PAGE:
Prevailing Wage Laws and Construction Labor Markets
AbstractPrevailing wage laws, which require that construction workers employed by private contractors on public projects be paid at least the wages and benefits that are "prevailing" for similar work in or near the locality in which the project is located, have been the focus of an extensive policy debate. We find that the relative wages of construction workers decline slightly after the repeal of a state prevailing wage law. However, the small overall impact of law repeal masks substantial differences in outcomes for different groups of construction employees. Repeal is associated with a sizeable reduction in the union wage premium and a significant narrowing of the black/nonblack wage differential for construction workers.
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Bibliographic InfoPaper provided by National Bureau of Economic Research, Inc in its series NBER Working Papers with number 7454.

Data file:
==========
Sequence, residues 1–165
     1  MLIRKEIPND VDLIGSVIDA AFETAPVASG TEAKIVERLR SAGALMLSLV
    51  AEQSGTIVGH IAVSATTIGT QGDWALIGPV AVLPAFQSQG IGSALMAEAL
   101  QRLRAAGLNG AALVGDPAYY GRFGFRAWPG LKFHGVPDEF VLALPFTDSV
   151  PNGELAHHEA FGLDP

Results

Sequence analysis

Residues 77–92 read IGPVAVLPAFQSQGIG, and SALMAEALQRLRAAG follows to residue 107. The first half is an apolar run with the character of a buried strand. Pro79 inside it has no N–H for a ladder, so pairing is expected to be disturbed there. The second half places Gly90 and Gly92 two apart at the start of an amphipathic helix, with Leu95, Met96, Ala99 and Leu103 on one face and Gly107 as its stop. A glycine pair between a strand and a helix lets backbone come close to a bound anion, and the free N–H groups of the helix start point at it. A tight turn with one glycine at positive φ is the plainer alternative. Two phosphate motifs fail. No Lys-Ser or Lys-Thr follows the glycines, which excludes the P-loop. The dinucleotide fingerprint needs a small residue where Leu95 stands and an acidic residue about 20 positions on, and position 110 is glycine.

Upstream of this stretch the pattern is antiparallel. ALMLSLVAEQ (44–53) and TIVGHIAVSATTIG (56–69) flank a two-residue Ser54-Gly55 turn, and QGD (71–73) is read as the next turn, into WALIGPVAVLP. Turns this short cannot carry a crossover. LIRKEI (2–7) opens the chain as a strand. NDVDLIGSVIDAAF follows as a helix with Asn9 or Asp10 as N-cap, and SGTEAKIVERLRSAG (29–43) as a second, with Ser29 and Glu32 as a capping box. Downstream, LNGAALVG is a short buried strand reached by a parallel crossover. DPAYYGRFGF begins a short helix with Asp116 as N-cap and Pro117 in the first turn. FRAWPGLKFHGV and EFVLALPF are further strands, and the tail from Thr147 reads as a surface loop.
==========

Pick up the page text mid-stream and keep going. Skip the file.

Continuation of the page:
Date of creation: Dec 1999
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Publication status: published as Industrial and Labor Relations Review, Vol. 54, no. 2 (January 2001): 259-274
Note: LE LS
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Other versions of this item:
- Daniel P. Kessler & Lawrence F. Katz, 2001. "Prevailing wage laws and construction labor markets," Industrial and Labor Relations Review, ILR Review, Cornell University, ILR School, vol. 54(2), pages 259-274, January.
- NEP-ALL-2000-01-11 (All new papers)
- NEP-LAB-2000-01-11 (Labour Economics)
- NEP-LAW-2000-01-11 (Law & Economics)
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